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Pet Owners Use Frozen Sperm With Remarkable Success

February 11, 2009

Pet owners with a desire for nostalgia are resorting to the use of frozen sperm to keep certain attributes of their pets alive.

Artificial insemination using frozen sperm began in the 1960s when Carrol C. Platz Jr. and colleagues at the University of Oregon created a litter of mixed-breed puppies.

Research into the method continued throughout the 1970s, and in the early 1980s, and the American Kennel Club formally endorsed its use.

In 2006, the most recent year for which data is available, frozen semen was used to conceive 760 litters of A.K.C.-approved puppies, David Roberts, assistant vice president for registration services at the kennel club, told The New York Times.

Platz is the director of the International Canine Semen Bank in Sandy, Ore.

Tim Brazier used Platz’ services to bring attributes of his former champion black poodle, Snapper, back to life. Snapper died in 1990, and 13 years later International Canine Semen Bank used his frozen sperm to give birth to Yes, Brazier’s newest black standard poodle.

Brazier says he sees Snapper’s characteristics in Yes’ movements.

“The little personal quirks, too, like cocking her head to the side, like he always did,” Brazier said.

The use of frozen semen continues to become more widely used among pet owners like Brazier who want to keep those quirks and characteristics alive.

“Nobody ever dreamed that this would take “” nobody,” said Dennis McCoy, one of Yes’s breeders.

According to the Times, the idea to create a puppy from Snapper’s semen originated as McCoy and Randy Garren, both longtime professional dog handlers, contemplated retirement.

Many of McCoy’s and Garren’s top poodles, including a best-in-show winner at Westminster in 1991, have been white.

“I always said, I would love to retire with one black bitch as our house pet,” McCoy told the Times. “And Randy said: “ËœWe always liked those Snapper puppies. Do you think Tim has any of that semen?’ “

Brazier gave permission to use Snapper’s semen, which was then used to impregnate Tracy, Yes’ mother. The semen had a 4 percent motility rate, forcing Dr. Katherine Settle to implant the semen surgically in Tracy’s uterus, which altogether cost about $10,000.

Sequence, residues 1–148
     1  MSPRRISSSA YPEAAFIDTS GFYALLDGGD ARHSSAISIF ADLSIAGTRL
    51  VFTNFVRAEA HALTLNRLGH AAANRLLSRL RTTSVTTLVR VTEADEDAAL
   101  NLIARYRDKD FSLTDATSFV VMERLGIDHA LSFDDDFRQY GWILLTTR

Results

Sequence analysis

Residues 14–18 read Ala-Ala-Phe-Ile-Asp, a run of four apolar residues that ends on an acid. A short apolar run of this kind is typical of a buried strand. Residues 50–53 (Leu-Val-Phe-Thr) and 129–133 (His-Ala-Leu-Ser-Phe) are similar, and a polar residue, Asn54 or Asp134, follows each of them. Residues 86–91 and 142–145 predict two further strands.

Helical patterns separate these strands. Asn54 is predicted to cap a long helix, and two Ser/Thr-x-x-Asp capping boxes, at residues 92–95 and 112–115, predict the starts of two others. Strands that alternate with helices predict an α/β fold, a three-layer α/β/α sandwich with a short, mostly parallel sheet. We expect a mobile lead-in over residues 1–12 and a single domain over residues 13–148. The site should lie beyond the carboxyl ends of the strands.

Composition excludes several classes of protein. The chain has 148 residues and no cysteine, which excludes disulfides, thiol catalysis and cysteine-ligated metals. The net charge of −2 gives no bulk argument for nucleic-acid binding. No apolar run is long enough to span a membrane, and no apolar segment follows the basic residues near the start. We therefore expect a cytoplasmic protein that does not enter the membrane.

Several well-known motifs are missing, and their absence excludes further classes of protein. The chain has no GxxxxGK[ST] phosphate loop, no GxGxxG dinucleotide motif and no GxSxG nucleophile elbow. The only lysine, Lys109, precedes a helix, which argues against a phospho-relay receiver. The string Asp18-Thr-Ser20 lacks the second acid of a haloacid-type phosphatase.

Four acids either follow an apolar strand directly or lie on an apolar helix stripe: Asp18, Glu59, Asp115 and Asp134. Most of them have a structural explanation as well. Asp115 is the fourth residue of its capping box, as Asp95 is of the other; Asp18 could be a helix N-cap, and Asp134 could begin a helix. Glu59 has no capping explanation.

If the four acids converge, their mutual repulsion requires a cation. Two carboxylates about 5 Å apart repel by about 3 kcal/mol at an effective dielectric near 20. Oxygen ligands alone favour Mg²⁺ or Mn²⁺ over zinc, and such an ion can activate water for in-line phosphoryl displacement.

On Jan. 31, 2003, Tracy gave birth to a single black poodle. For the first time since his death, Snapper was a sire.

“We’d watch her out the window, and she just got better and better and better,” McCoy told the Times. “At eight weeks, she would just stand out there and pose. I’m laughing and I’m saying: “ËœI can’t believe this. I can’t believe this is turning out this good.’ Who knew?”

The technique is often used to breed dogs who live far away from each other, but it is also used by owners who want to inject variety into litters.

“Probably within the last 5 to 10 years, the technology has improved,” said Debbie Leach, an owner of Straws to Paws, a canine semen bank in Washington, N.J. “It’s really quite commonplace.”

Leach and veterinarian Mary Stankovics recently used 20-year-old semen that had been stored in the Netherlands to produce a litter of Irish wolfhounds that surprised their owners because they had such a classic look unlike the modern breed.

“One of the reasons people like to use frozen semen is to be able to dip back into a gene pool for a more classic look or before a particular health problem came into the breed,” Leach said.

But some have voiced concerns over the use of frozen semen to revive older genetic lines.

“Ideally the purpose of our sport is to move forward to the next generation,” said David Frei, the director of communications for the Westminster Kennel Club.

Frei was among the first Afghan hound owners to breed a dog using frozen semen in 1984.

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